I have worked immensely hard and I don’t feel the capacity to do 60 plus hours any more, but I can’t stop working the 60 plus hours a week. I need to make a change. The way in which I work, and the dilemmas that I am daily faced with, were brought into focus by the September 11 tragedy. That led me to dismiss people that I was very fond of, people who I have known for years. I took stock of myself as a manager and asked myself some very critical questions about whether this really was where I wanted to be for the next seven years of my life. I have often been the person who is the sweeping brush and the shovel and during this rather difficult period I was working a lot of hours and in one week I clocked over 100 hours. I had a quite clear ethical view that the greater number had to survive, but I also decided ‘To hell with it! This is the last time I am going to do it.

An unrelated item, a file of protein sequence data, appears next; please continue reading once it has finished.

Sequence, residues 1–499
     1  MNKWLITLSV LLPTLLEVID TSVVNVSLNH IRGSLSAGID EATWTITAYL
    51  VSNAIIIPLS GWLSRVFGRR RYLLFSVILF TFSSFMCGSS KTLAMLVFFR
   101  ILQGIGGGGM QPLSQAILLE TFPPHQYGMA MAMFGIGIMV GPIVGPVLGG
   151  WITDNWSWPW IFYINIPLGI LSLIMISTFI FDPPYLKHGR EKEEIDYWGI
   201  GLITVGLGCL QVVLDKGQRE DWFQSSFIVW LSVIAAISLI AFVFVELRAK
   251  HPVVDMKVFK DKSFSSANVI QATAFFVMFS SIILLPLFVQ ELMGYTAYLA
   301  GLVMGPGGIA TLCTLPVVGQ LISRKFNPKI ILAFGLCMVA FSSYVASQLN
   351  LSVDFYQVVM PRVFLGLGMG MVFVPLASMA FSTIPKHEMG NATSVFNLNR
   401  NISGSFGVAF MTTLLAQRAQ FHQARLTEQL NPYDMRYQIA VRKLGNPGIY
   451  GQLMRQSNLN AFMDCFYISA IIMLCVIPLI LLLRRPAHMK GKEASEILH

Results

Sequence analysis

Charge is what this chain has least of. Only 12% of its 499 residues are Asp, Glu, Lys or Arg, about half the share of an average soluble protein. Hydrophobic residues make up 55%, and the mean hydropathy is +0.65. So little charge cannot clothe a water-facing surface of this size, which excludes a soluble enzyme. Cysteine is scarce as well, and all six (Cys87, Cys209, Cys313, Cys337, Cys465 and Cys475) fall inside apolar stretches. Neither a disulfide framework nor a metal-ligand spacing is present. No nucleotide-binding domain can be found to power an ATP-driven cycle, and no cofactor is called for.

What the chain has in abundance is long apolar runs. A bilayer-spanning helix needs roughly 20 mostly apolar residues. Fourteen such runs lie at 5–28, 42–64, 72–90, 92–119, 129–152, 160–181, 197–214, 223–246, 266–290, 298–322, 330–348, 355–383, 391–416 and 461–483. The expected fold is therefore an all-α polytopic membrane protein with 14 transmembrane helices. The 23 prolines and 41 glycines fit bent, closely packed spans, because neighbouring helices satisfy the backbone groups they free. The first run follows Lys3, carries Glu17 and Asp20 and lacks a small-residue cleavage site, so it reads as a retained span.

I have an involvement in education and I am fascinated by the fact that agricultural college found and unlocked a key in me with engineering. I am fascinated in turning that same key with youngsters and I would like to spend the next part of my life doing that where possible.
We discussed whether the CMS aspects of the Masters had made any difference to how he had felt about being a manager during this difficult time.
I didn’t understand what was being taught to me. As a result of that I found myself extremely dismissive of the whole aspect of critical perspectives and to use the vernacular I thought it was utter bollocks. Strangely, I found that Marx was interesting. I had always had a love of history and therefore could understand Marx because of my knowledge of my father and his socialism. That was the portal through which I was able to get inside critical perspectives. I am much more reflective about anything I do, and much more considered. I am actually a bit cautious of saying that it has changed me because I know that it has but I would still like to be the one person who pretends that it hasn’t! It has given me more intellectual confidence to sit round with people who are clearly educated and all the rest of it and be able to say to them ‘Look my views matter’.